Being Disruptive: What the Restaurant Industry Needs
Man, refreshing stuff with Stratis Morfogen of Brooklyn Chophouse & Brooklyn Dumpling Shop as well as the author of the new book Be a Disruptor.
We talk about breaking rules & conventions, NYC restaurant life in the age of COVID, timing & execution, franchise growth, mob stories and more...
Plus the interview pretty much starts with the "F" word...so there's that...
You'll enjoy this one...Check it out...
Note: Our audio quality was not the best on this episode with Stratis' recording location...but bear with it, there are some gems in this one! (or read below...)
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Stratis Morfogen has been an innovator in New York City's hospitality scene for decades: Morfogen brought New York's famed Fulton Fish Market to the internet in 1997. He was the partner/owner of many well-known New York establishments like Club Rouge, Gotham City Diner, Hilltop Diner, The Grand, Philippe Chow, and Jue Lan Club. He is the owner of Brooklyn Chophouse, which is frequented by various celebrities. During the pandemic, he pioneered automated food service with Brooklyn Dumpling Shop, which is expanding to several locations in New Jersey, Pennsylvania, Connecticut, Florida, Texas at a time when the restaurant industry is struggling to succeed.
In Be A Disruptor: Streetwise Lessons for Entrepreneurs - from Mobs to Mandates (release date: June 21, 2022), Morfogen provides an unconventional, real-world education for any entrepreneur by sharing how he beat the odds in the cutthroat, mob-influenced New York City restaurant world. Morfogen teaches readers what he has learned about finding business opportunity in any situation, starting new ventures in times of adversity, and succeeding against all odds in one of the most challenging environments in the world. It's a playbook for entrepreneurs with the page-turning qualities of a memoir. It's a can't miss, street-smart education for any entrepreneur, restauranteur, or anyone interested in how the NYC hospitality world really works.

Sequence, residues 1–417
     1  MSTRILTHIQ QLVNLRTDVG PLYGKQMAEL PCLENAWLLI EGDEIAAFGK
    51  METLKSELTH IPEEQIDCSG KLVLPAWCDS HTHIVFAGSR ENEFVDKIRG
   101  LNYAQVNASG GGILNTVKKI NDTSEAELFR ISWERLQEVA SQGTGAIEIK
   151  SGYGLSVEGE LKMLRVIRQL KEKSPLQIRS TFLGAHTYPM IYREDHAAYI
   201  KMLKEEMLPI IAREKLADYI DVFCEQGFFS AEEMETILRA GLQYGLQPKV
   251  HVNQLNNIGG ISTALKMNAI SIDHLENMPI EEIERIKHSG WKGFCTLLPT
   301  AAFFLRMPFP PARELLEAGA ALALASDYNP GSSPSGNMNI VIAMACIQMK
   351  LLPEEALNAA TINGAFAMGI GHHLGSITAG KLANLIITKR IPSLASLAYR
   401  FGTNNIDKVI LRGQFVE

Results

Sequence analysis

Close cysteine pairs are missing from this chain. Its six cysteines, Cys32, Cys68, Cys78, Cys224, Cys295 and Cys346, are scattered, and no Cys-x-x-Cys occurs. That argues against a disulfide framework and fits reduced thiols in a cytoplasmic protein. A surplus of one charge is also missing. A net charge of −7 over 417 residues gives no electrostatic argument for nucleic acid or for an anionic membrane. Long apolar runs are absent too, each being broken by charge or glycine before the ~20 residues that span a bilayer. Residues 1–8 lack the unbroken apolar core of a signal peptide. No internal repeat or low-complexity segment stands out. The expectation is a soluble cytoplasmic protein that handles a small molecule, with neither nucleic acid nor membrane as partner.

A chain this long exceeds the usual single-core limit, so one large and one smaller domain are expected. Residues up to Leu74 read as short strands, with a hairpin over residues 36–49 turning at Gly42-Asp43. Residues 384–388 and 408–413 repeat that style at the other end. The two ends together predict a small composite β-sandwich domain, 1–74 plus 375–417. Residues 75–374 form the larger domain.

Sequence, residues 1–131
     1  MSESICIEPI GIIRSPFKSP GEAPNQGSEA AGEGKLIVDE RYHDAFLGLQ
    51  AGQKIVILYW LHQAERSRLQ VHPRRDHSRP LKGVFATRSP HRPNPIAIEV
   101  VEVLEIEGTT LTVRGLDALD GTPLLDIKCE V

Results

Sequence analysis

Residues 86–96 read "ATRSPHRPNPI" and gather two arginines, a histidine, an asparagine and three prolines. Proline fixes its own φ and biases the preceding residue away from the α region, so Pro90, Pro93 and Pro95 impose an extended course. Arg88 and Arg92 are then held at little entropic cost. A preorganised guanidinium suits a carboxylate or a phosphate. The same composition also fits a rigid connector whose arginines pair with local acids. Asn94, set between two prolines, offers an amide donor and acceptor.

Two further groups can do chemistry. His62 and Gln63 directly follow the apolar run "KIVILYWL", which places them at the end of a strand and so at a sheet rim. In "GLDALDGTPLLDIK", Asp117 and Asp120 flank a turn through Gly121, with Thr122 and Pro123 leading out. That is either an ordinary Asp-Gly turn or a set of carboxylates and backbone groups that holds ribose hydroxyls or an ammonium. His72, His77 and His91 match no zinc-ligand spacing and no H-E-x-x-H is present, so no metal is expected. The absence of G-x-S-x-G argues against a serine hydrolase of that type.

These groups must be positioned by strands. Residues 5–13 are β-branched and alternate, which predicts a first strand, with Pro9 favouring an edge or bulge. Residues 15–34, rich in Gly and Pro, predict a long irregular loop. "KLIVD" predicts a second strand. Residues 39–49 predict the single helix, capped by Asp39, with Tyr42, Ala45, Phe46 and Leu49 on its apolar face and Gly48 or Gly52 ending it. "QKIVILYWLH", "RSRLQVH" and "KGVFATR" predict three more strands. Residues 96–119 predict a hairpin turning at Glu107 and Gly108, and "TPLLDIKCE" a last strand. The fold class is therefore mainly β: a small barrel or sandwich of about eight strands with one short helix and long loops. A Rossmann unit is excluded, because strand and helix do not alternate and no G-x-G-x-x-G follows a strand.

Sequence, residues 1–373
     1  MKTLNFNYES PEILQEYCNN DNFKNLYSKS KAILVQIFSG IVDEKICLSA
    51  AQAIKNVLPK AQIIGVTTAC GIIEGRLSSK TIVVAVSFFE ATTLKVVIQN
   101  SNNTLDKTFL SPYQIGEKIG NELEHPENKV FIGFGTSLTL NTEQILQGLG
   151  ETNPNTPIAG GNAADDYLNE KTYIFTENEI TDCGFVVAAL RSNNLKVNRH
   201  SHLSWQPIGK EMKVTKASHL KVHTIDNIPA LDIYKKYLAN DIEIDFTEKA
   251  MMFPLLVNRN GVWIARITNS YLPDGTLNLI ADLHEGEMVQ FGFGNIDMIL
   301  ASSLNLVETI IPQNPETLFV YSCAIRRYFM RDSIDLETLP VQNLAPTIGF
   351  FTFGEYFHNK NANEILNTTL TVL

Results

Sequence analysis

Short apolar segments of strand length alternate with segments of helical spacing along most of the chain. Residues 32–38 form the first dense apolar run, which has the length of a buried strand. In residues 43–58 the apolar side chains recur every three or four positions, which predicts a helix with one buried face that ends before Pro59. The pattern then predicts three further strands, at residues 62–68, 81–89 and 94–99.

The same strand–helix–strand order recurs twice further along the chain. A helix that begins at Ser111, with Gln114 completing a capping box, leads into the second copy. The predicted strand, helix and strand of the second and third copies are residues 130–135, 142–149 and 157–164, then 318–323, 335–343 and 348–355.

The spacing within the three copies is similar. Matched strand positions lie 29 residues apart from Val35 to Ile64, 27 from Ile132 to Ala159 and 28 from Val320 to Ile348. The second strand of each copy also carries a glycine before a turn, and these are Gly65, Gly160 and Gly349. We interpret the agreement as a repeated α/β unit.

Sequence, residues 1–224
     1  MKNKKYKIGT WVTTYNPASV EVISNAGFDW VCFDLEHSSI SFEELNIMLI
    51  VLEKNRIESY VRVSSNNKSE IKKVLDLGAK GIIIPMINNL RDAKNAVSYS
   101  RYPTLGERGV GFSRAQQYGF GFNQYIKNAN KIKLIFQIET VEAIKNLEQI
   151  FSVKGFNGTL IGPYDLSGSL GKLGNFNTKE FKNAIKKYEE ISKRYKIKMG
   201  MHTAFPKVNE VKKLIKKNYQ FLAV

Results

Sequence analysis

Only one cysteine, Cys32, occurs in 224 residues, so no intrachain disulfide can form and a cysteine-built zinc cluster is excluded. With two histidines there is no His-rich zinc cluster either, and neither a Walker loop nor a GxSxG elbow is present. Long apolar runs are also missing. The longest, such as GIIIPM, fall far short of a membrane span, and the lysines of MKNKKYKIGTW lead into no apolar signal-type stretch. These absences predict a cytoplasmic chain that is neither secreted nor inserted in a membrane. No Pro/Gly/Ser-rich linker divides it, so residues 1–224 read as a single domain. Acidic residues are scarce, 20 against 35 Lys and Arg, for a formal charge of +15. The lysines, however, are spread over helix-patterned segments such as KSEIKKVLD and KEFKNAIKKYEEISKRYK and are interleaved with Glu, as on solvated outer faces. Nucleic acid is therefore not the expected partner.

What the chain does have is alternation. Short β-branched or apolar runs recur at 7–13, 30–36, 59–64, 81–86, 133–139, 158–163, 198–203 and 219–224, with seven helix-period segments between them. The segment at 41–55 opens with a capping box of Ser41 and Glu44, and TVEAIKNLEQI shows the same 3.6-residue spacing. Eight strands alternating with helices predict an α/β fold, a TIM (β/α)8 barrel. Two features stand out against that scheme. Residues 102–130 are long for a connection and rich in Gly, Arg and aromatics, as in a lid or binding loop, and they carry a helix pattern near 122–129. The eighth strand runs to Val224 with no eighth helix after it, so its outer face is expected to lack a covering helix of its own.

I got the chance to sit down with Stratis and ask him about both his new book and his storied time in the restaurant business.
How Big Are Your Dreams?
Jaime: I like this quote towards the end of your book when you say, "if your dreams do not scare the fuck out of you, they are not big enough." Talk about it.
Stratis: That's it! Listen, when I tell students to dream, I say, dream so big that it scares the shit out of you! And if you don't, you're not understanding what the cycle of business is about. Your twenties are the best. You have a license to screw up. Whoever told you that success is a hockey stick was full of it. Success is more like a ball of yarn. Anyone that tells you otherwise is either full of it or they didn't risk enough in their twenties. And they've never actually seen their true potential.
Jaime: The storytelling in your book happens right away. You talk about being a disruptor, changing things, looking at things differently. Your story is funny right out of the gate, talking about the mob stuff, talking about being six years old in a restaurant. You certainly saw a lot growing up, what sticks with you?
Stratis: My dad had nine restaurants at one time and he was a true, gritty entrepreneur. He and his brother would drive to the fish market, the meat market and the vegetable market. I grew up in that kind of environment and I got to tell you, I wouldn't change a thing. It actually made me pretty street smart. And I saw a lot of things that parents would say, kids shouldn't see at that age. Every family has their own way of teaching and raising their children, but I wouldn't have changed a thing. I appreciated how my dad brought me up.
Jaime: I caught that street smarts aspect of your upbringing early on in the book. Your growing up learning stuff that most kids don't learn otherwise. It talked about serving celebrities about presidents, about all sorts of folks, including mobsters. How do you think about the fact that some people want to be treated differently, to be treated special?
Stratis: Growing up in my dad's restaurant, he had big time gangsters and celebrities and baseball players as customers. I saw my dad treat everybody equally except for one little old man named Carlo Gambino where he would never really mention his name. And he always sat at the same table and my father would actually make sure that table stayed empty on Thursday night at the Chelsea Chop House to make sure that Mr. Gambino had his table. And the funny story in the book was my first lesson of discretion was I walked up to him as boy of six or seven years old and I was pouring water for him and I said, good evening, Mr. Gambino. And the whole place just went into a freeze. Like oh my God, this guy goes out of his way to have discretion and make sure that nobody knows his name. And here's a little six, seven-year-old bus boy saying hi to him by name. Then literally after a minute of silence, everybody started laughing and he's like, come here, kid. I sat next to him. He had his hand around me. He hands me $20 and says "kid, next time hi is just fine." My father, of course, later filled in the blanks for me that discretion is an important part of our industry.